I have committed to posting one interview with a screenwriter or industry insider per week during 2013.
52 weeks. 52 interviews. Or at least that’s the idea.
Why? I believe there is some special insight and understanding one can only get by hearing from professional writers talking about their craft.
So it’s all good, right?
Well, as has been pointed out to me recently: Where are the women writers among the interviewees?
I see the point. If the only writers I interview are men, that perpetuates the perception women need not apply, exacerbating a frankly atrocious employment situation in Hollywood.
Honestly it is something I raised last year with Franklin, but I just got too damn busy with other projects to pursue interviews with any frequency.
This 2013 initiative forces the issue.
Any of you who have followed this blog for any length of time know I’m all about creating opportunities: new writers, established writers, male writers, female writers, writers of color, I don’t care as long as they’re talented writers. To wit: I promote independent filmmakers. I push Kickstarter projects. I run the Movies You Made series. I retweet your projects.
Specifically regarding female writer interviews, here’s the main issue: Most of my writing contacts are males. Not surprising, I suppose, because most professional screenwriters are male.
Here’s another thing: Believe it or not, this blog is pretty much… um… just me. Sure, I get amazing IT support from Dino. And Franklin is a great ally. Jason Cuthbart has been a trooper, providing guest Great Character posts for the last several months. But push come to shove, when its finger-on-keyboard and time to post, it’s basically just me and my MacBook Pro. So a second issue is the amount of time and resources I have.
That said I am happy to announce I have three interviews with women screenwriters in progress:
* Julia Hart who wrote the 2012 Black List script “The Keeping Room”. That interview series will run the week of February 24.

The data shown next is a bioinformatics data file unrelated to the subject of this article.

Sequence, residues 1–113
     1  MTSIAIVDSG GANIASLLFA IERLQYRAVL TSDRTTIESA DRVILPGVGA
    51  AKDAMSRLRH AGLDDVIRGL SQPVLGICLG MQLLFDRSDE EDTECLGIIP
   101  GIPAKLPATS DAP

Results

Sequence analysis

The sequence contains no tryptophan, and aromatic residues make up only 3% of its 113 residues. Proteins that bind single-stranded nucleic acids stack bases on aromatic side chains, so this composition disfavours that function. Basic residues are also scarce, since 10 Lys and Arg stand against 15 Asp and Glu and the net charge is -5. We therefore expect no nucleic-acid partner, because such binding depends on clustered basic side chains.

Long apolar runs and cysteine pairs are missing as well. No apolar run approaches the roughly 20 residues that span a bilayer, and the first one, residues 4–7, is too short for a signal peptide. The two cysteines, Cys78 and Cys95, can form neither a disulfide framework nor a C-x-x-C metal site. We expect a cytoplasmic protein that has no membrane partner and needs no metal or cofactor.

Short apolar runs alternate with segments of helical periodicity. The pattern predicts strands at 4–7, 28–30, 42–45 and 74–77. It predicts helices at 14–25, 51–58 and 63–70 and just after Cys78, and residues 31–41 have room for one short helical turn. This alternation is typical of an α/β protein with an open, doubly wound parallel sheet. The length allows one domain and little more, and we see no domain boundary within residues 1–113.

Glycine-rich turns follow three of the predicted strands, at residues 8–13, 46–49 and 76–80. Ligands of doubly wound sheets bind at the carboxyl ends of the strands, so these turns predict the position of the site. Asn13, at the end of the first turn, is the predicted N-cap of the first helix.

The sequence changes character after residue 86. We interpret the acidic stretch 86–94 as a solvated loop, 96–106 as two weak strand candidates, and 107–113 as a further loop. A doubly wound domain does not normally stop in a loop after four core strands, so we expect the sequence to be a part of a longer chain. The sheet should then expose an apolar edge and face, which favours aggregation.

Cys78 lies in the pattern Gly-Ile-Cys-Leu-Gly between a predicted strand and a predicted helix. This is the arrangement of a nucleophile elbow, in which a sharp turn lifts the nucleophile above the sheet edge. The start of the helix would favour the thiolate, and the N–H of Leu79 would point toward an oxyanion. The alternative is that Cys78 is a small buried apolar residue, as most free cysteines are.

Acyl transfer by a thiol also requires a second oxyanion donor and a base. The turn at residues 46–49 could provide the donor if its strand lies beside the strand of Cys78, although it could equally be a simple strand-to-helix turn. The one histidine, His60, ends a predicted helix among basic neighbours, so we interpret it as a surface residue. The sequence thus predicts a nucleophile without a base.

* Nikole Beckwith who wrote the 2012 Black List script “Stockholm, Pennsylvania” for which she also won a Nicholl Fellowship.
* Ashleigh Powell who wrote the 2012 Black List script “Somacell” which sold last year to Warner Bros.
Obviously I would love to interview as many notable screenwriters as possible — men, women, white, black, gay, straight, whoever. But I’m just me. I do what I can to reach out to screenwriters I meet through social media. I work on contacts provided to me by other writers. Sometimes writers are kind enough to reach out to me from reading the blog and offer to do interviews.
Beyond that, it would be pretty cheezy of me to do a blog post and say, “Hey, working female screenwriters who have made the Black List or had successful movies, would you please agree to do an interview with me for the blog?”
Whoops. I guess I just did that.
But pretty awkward, right?
As I’ve been interviewing writers this last month or so, I have been surprised by how many of them actually know and follow the blog, so perhaps there are at least some female screenwriters out there who might follow GITS and be willing to do an interview. If so, please email me.
Other than that, what suggestions do you have?
While we’re at it, which women screenwriters would you like to see interviewed? No reason we can’t create a target list and try to reach out to them.
Please bear in mind I aim to interview writers who have written scripts that have made the Black List, won the Nicholl Fellowship, sold spec scripts, written notable movies, and/or have had a sustained career in Hollywood. This is not to diminish the creativity or accomplishments of other writers, but rather simply an acknowledgement that I’m trying to generate content that appeals to the widest number of GITS readers.
Finally let me say as time-consuming as this commitment to interviews has been, it has been a wonderful experience. Every single writer with whom I’ve talked has been terrific — generous with their time, thoughtful in their responses, and passionate about the craft. I can’t wait to roll out these upcoming interviews, following up on what have already been some incredible conversations. I am convinced more than ever that screenwriters are a special breed, bound together by a shared love of story. It makes me proud to be able to say I’m part of the screenwriting community.
So onward and upward. I’m happy to hear whatever suggestions and ideas you have, and how to make the GITS interview series something really special.